T.I.: The Billboard Cover Story
T.I. lost fans (and sponsors) when he went to prison a second time. So in the 13 months since his release, the hip-hop power player has been busy diversifying his business (books, TV, movies) and making the album of his life.
On Aug. 31, 2011, Clifford “T.I.” Harris Jr. walked out of Federal Correctional Institution (FCI) Forrest City, a low-security federal prison in Forrest City, Ark., not quite a free man. The day marked the end of the chart-topping, Grammy Award-winning rapper/actor’s second stint in Forrest City in as many years. And T.I., who had served 10 months of an 11-month sentence for probation violation stemming from a September 2010 traffic stop in Los Angeles, was elated. He boarded a private tour bus to make the 375-mile trip from Forrest City to a halfway house in Atlanta where he was scheduled to serve the remainder of his sentence, and he took to Twitter to celebrate his release:
“The storm is over & da sun back out. IT’S OUR TIME TO SHINE SHAWTY!!!!!”
But the sun quickly dimmed. Less than 24 hours later, T.I. was back in jail, embroiled in yet another legal entanglement, this time over exactly how he got from Forrest City to Atlanta. According to the Federal Bureau of Prisons, T.I.’s choice of transportation — a luxury tour bus — in addition to his fellow passengers, which included manager Brian Sher of Category 5 Entertainment, TV producer Cris Abrego and T.I.’s wife, Tameka “Tiny” Cottle Harris, violated the terms of his release, which prohibited T.I. from discussing business while traveling between the facilities. Though all parties aboard the bus denied discussing business during the trip, T.I.’s release coincided with the announcement of two new deals, one with HarperCollins for a fictional series written with David Ritz and the other for a new 10-episode reality series with VH1, which began filming as T.I. left FCI Forrest City and to which both Sher and Abrego were attached.
It took less than a day, but T.I. was already back to doing what he does best: stirring up controversy and breaking new business. (Attorney Jonathan Leonard later clarified that although the announcement of both deals had been timed to T.I.’s release, they had actually been inked earlier in the year.)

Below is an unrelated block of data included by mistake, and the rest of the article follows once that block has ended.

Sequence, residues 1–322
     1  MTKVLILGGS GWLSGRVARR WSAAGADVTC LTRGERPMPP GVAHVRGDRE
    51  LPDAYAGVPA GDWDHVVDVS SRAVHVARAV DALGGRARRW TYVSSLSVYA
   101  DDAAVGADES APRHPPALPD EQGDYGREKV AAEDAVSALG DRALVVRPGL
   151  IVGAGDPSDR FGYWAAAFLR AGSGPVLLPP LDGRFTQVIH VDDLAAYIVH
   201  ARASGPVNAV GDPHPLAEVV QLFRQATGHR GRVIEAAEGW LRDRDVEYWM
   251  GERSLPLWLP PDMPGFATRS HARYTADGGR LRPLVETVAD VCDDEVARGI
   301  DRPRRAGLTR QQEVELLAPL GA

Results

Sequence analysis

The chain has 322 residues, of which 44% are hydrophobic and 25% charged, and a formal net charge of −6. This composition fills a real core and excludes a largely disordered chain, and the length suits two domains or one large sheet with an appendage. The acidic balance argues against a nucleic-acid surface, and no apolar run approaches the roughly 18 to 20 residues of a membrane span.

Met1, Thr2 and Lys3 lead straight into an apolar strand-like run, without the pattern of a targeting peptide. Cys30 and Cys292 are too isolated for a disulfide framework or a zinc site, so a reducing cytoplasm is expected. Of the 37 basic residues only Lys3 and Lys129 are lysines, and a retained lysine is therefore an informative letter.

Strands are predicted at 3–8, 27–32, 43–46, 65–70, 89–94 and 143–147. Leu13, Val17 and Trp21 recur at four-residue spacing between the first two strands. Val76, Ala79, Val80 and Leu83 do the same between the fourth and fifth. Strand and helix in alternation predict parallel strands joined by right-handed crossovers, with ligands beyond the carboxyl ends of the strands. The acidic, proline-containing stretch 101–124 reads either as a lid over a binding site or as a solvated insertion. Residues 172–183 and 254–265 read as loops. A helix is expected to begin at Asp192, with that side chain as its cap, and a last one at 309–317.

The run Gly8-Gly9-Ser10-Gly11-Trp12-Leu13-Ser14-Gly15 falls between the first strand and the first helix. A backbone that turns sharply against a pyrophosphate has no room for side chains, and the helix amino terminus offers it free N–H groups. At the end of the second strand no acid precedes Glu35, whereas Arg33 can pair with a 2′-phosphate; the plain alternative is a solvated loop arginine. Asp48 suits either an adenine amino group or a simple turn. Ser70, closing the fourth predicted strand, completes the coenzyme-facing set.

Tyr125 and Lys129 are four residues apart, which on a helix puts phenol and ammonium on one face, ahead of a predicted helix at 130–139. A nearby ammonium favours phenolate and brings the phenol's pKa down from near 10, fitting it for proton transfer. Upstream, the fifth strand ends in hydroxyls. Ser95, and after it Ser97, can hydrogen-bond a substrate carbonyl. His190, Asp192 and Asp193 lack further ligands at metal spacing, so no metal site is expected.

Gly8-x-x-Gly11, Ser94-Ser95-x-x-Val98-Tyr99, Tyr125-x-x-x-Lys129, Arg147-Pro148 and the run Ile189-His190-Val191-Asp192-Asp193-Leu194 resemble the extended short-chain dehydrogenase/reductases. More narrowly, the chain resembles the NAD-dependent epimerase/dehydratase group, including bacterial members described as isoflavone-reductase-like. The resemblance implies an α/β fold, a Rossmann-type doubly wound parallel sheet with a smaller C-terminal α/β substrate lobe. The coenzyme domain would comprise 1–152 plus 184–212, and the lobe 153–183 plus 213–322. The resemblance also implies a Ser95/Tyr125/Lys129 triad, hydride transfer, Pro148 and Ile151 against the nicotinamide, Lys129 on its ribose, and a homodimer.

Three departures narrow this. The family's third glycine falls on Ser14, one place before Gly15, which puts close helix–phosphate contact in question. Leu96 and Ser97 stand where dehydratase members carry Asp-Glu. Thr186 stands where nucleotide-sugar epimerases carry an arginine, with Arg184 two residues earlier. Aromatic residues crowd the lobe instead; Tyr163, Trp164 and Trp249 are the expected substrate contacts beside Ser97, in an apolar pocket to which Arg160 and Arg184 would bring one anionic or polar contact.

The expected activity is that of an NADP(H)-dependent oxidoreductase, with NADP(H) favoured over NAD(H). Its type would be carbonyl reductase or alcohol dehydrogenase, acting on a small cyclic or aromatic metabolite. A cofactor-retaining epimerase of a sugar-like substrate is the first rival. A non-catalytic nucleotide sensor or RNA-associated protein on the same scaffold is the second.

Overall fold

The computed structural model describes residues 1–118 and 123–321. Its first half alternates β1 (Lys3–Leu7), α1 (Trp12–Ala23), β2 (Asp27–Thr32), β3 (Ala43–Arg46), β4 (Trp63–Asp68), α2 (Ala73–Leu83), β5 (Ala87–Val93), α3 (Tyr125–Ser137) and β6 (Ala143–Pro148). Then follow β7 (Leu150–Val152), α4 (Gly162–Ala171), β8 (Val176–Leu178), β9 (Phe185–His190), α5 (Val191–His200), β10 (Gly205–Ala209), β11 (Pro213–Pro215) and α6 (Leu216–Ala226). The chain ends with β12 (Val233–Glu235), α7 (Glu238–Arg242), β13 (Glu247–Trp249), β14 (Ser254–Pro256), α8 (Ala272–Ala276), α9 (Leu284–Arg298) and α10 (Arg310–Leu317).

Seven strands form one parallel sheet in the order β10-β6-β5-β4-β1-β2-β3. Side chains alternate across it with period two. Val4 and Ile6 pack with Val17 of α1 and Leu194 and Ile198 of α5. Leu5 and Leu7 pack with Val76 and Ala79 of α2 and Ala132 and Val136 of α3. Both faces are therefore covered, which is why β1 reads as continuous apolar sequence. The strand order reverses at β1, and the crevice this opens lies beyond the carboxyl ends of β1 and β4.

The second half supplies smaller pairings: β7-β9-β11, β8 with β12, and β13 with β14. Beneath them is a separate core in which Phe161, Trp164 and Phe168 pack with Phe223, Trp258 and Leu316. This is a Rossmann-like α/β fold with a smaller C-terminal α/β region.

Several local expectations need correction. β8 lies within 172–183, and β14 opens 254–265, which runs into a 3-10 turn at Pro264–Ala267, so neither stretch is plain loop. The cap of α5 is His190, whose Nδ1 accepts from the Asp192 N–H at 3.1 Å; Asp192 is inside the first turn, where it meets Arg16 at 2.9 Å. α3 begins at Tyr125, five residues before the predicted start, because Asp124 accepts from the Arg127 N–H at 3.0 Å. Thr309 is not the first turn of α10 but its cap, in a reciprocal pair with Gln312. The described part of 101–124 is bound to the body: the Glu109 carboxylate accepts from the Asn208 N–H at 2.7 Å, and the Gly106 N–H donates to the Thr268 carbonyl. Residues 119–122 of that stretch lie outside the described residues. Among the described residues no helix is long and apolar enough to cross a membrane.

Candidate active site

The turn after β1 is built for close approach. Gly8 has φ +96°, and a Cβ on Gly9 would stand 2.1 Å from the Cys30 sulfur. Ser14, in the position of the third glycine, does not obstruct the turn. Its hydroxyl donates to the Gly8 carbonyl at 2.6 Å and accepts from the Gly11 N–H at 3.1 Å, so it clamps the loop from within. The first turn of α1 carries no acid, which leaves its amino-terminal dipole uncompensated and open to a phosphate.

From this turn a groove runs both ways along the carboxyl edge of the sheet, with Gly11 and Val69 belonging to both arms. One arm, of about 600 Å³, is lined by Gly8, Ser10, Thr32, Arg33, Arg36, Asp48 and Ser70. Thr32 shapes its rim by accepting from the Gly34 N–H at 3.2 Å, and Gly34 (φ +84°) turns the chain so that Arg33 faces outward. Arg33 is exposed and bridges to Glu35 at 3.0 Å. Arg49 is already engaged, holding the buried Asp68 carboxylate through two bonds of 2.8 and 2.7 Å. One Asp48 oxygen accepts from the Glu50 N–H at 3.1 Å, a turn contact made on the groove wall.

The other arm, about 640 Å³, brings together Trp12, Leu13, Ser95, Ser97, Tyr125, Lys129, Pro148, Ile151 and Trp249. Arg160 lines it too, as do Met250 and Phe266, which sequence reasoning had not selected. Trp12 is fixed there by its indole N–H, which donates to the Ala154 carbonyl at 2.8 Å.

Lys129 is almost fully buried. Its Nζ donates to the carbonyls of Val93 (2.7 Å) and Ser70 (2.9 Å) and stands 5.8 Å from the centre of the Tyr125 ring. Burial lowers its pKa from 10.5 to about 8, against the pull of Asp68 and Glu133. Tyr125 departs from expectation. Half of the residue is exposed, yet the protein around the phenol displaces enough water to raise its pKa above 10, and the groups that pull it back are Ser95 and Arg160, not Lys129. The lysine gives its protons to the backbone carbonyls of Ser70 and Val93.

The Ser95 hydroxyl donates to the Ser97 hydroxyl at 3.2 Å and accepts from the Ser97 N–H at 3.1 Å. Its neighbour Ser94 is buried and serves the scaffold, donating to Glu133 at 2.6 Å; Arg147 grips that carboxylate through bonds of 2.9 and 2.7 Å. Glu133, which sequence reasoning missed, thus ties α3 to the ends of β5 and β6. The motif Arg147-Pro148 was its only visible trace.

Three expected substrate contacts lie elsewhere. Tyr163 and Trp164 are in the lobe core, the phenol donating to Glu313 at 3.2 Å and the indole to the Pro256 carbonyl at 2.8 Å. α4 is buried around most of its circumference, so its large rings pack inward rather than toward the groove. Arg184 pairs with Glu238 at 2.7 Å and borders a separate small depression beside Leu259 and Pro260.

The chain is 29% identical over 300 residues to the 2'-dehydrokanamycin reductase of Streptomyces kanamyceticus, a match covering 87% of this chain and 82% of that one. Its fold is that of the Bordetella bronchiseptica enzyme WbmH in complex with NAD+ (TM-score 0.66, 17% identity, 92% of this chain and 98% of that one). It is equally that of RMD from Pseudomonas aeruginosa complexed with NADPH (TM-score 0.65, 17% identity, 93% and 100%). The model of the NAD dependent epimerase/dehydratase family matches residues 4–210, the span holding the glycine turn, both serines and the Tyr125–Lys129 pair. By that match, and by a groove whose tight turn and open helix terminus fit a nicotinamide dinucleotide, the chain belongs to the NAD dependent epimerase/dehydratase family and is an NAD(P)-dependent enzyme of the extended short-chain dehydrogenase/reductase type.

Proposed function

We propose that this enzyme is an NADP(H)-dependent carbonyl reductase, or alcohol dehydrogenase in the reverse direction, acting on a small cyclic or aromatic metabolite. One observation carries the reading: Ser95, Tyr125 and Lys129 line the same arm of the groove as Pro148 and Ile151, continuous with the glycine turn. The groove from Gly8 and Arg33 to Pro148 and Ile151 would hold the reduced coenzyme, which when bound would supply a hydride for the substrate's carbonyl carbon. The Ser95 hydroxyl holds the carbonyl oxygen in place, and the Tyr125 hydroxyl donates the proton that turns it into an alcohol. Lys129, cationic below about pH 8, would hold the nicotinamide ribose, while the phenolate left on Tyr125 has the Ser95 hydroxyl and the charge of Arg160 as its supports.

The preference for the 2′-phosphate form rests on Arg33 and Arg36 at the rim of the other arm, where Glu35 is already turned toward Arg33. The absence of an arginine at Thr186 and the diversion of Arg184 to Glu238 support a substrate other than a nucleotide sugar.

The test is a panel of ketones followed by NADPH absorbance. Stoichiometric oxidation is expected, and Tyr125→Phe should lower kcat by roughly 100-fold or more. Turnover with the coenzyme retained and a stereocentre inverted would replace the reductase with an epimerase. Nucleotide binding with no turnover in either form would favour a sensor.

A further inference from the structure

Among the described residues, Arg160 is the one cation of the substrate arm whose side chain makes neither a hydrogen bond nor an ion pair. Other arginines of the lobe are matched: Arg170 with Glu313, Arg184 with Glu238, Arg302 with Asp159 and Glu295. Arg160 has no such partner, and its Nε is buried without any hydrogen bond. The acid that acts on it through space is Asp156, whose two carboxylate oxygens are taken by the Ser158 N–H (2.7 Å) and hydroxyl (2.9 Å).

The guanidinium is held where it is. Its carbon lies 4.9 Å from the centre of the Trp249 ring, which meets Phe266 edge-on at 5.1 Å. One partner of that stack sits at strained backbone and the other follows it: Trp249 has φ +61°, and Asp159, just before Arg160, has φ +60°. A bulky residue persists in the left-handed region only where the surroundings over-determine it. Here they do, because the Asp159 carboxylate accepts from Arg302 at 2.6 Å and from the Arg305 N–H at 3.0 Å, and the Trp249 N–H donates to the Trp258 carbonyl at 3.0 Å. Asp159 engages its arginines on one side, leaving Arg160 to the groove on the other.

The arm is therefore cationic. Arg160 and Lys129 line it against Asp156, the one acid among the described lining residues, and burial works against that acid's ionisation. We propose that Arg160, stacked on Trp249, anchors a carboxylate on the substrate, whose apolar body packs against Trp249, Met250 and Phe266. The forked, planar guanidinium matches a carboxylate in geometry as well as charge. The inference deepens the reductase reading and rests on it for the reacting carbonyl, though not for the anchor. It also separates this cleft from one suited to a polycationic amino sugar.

Two weeks later, and after aggressive lobbying of the Federal Bureau of Prisons by T.I.’s business and legal teams, T.I. was released from the U.S. Penitentiary in Atlanta and sent to Dismas House in Atlanta to serve the remainder of his sentence. On Sept. 29, 2011, more than a year after he and Tiny were pulled over for making an illegal U-turn on Sunset Boulevard, T.I. — who’s posted three No. 1 albums on the Billboard 200 and rung up three No. 1s on the Billboard Hot 100 during the course of a seven-album, 11-year career that has registered 9 million-plus albums and 34 million tracks sold, according to Nielsen SoundScan — was once again a free man.
On Dec. 18, T.I., now 32, will deliver his first album since his release. The project, “Trouble Man: Heavy Is the Head,” is the culmination of a year’s worth of recording sessions dating back to the day he walked out of the halfway house. (Trouble Man’s “G Season” was one of the first five tracks he recorded, he says.) The project, which features production by Rico Love, Pharrell Williams and T-Minus, among others-as well as appearances by a range of marquee artists including P!nk, Cee Lo Green, R. Kelly, B.o.B, Kendrick Lamar and OutKast’s Andre 3000 (who delivers a head-spinning verse on the Williams-produced “Sorry”) – is both a showcase for T.I.’s reintroduction to music and an exercise in juice.
It’s been two years since T.I.’s last album, “No Mercy,” bowed at No. 4 on the Billboard 200 with 159,000 sold in its first week, according to SoundScan. That project, which arrived Dec. 7, 2010, after T.I. had already checked back into FCI Forrest City, failed to deliver a runaway hit — lead single “Get Back Up,” featuring Chris Brown, stalled out at No. 70 on the Hot 100 — and was widely regarded as a disappointment, crippled by T.I.’s incarceration. No Mercy has sold 588,000 to date, a stark contrast to 2008′s “Paper Trail,” which boasted back-to-back No. 1 singles in “Whatever You Like” and the Rihanna-assisted “Live Your Life,” and set the stage for the blockbuster performance of “Swagga Like Us” alongside Jay-Z, Kanye West, Lil Wayne and a very pregnant M.I.A. at the 2009 Grammy Awards. “Paper Trail” bowed at No. 1 on the Billboard 200 with a hefty 568,000 sold.
When T.I. first reported to FCI Forrest City, in May 2009, to serve a sentence of a year and a day for federal gun charges after attempting to illegally purchase machine guns and silencers from a bodyguard turned federal informant in October 2007 just hours before the BET Hip Hop Awards in Atlanta, he walked in riding a wave of success buoyed by the strong performance of “Paper Trail,” a newly minted Grammy (for best rap performance by a duo or group for “Swagga Like Us”) and a hit TV show, MTV’s “Road to Redemption,” which chronicled T.I.’s community efforts in the lead-up to his jail time.
When he walked out the second time, in September of last year, he was widely regarded as a question mark. In the wake of his 2010 arrest — for violating the terms of his probationary release on the gun charges by failing a drug test administered after the L.A. traffic stop — many critics, fans and brands turned on him. Axe and Remy Martin both walked away from endorsement deals, and influential hip-hop website RapRadar.com called No Mercy the worst album of 2010. T.I., who kicked in the door for street-savvy solo Southern rappers with their sights set on mainstream success (a door that Lil Wayne would later skate through to the tune of 1 million sold in his first week), was considered by many to be a has-been.
For T.I. and his team, the past 14 months have been all about challenging and, ultimately, changing that perception.
Read the full interview here at: Billboard